ANDERSON, Mo. —
Students in the McDonald County High School band are counting down the days until they leave for Washington, D.C., where they are scheduled to take part in some of President Barack Obama’s inaugural ceremonies later this month.
As a representative of Missouri, the 55-student band is in the running to perform in the inaugural parade, which is set for Jan. 21 along Pennsylvania Avenue. But that’s not guaranteed and, as of Friday, was still undecided by parade directors, said Laurie Kinder-Lang, band director.
“We may not get selected; they all know that,” she said. “Just to get to represent Missouri is a big deal.”
Bands not selected for the parade will still have the opportunity to perform and compete with other high school bands from across the country in Washington, D.C., Kinder-Lang said.
And aside from its performances, the band will also visit several major tourist attractions, including the Smithsonian Institution, the United States Holocaust Memorial Museum, the National Aquarium, the Washington Monument, the Lincoln Memorial and the Hard Rock Cafe, she said.
The trip’s $800 cost per student has meant nearly a year of selling candy bars and coupon books, and stocking the concession stands at University of Arkansas football games in Fayetteville, said Carley Hendrix, a trumpet player and drum major.
“We’ve been fundraising a lot, working really hard to get community support as well as state support,” said Hendrix, a junior.
Hendrix said she looks forward to the 24-hour bus ride with her friends and “band family.” She also is eager to visit the U.S. Capitol for the first time.
“I’m really excited to see what this trip has in store for us,” she said. “It’s a life-changing experience. Not many people get to go to the inaugural ceremonies.”
Bryan Mendoza, a sophomore tuba player, said he will be excited to be in Washington, D.C., regardless of whether the band gets to march in the parade. Yet there is a little bit of pressure as well, he said.
“It’s a big responsibility because this little band from McDonald County is representing the entire state,” he said. “We have to look good for the other states, but we have to be ourselves at the same time.”
Mendoza said he and his classmates would not be preparing for their trip without the support of their school, families, friends and neighbors.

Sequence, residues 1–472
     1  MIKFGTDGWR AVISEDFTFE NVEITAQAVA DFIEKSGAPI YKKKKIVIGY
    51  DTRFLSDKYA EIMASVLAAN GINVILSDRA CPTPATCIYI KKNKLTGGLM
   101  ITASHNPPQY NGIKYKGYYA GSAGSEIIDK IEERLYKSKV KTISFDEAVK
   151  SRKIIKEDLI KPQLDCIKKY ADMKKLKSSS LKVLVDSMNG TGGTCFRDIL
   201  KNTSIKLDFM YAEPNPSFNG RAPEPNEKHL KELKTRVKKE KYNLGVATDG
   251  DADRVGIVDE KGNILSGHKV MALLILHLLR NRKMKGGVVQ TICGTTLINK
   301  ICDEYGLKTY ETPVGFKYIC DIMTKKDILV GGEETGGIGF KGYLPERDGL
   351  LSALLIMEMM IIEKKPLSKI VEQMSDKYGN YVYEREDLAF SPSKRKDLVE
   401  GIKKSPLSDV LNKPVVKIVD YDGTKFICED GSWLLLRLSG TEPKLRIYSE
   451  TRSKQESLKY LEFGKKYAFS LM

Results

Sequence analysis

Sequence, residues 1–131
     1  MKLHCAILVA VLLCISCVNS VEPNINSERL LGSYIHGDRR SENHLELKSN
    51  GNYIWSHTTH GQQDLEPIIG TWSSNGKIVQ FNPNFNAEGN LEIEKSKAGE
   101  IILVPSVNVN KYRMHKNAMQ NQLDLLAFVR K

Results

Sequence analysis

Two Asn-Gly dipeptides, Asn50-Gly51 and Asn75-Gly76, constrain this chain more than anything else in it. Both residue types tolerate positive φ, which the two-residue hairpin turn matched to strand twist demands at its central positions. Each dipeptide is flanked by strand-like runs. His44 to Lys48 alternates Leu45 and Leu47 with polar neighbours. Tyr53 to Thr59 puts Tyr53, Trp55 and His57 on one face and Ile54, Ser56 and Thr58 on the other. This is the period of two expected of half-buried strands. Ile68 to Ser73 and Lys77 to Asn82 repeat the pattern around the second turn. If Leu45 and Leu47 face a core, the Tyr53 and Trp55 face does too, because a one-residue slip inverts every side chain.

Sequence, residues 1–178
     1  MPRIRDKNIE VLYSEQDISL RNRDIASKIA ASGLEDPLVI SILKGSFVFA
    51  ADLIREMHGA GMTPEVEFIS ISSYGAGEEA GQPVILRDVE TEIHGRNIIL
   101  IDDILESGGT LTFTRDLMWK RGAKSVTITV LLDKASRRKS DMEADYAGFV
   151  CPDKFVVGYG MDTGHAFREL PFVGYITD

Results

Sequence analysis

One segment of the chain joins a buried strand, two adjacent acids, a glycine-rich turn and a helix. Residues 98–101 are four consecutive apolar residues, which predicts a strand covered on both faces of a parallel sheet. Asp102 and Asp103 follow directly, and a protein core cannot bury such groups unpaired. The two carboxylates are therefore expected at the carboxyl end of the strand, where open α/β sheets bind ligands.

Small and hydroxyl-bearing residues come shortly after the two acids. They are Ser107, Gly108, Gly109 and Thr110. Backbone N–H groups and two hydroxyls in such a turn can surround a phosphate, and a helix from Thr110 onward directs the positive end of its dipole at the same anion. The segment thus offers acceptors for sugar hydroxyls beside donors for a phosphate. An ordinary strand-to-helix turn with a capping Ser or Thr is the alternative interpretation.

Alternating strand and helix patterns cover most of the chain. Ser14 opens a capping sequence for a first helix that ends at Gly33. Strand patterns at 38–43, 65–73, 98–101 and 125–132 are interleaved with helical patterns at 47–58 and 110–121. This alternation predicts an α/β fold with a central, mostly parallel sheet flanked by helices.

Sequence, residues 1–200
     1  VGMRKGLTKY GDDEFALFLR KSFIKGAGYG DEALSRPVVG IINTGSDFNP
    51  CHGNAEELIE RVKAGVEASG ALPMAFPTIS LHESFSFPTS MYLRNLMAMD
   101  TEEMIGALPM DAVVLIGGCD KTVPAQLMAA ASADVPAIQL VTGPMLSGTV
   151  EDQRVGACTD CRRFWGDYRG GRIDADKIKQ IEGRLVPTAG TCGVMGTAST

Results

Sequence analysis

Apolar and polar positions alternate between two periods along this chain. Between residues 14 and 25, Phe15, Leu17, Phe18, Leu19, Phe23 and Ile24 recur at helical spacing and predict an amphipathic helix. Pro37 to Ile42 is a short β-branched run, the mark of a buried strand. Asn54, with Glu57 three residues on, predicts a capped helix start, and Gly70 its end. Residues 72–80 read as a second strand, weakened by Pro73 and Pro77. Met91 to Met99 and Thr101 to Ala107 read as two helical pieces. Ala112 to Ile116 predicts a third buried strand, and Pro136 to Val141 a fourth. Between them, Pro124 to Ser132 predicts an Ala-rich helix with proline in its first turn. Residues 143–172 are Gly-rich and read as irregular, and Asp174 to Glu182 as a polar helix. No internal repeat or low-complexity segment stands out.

“This has been a long journey, and it’s taken a lot of work,” he said. “It’s been worth it.”
Jeff Whitehill, a sophomore trumpet player, said he was “pretty pumped” when he learned the band would make the trip to Washington, D.C.
“I think it’s a very good honor to be representing the state, ourselves and our own community,” he said.
In addition to seeing the sights of the Capitol for the first time, Whitehill said he looks forward to playing in large performance or concert halls — a change from the small, concrete-walled, acoustically challenged band room of McDonald County High School.
“A lot of us have never experienced that,” he said.
The trip to Washington began last year, when the band performed in New Orleans during the halftime show at the Sugar Bowl and placed third in that competition, Kinder-Lang said. That showing encouraged her to audition the band to be part of the inaugural ceremonies, and she solicited letters of recommendation from across the state, including a letter of support from Gov. Jay Nixon, she said.
The band is scheduled to leave McDonald County High School at 1 p.m. on Wednesday, Jan. 16, and return on Tuesday, Jan. 22.
Also in Washington
Sanjay Jenkins, a junior at Thomas Jefferson Independent Day School in Joplin, will attend the High School Presidential Inaugural Conference in Washington, D.C., scheduled for Jan. 19-23. Participants will study and discuss campaign strategy and presidential politics with historians and political experts.
WITH MUG OF SANJAY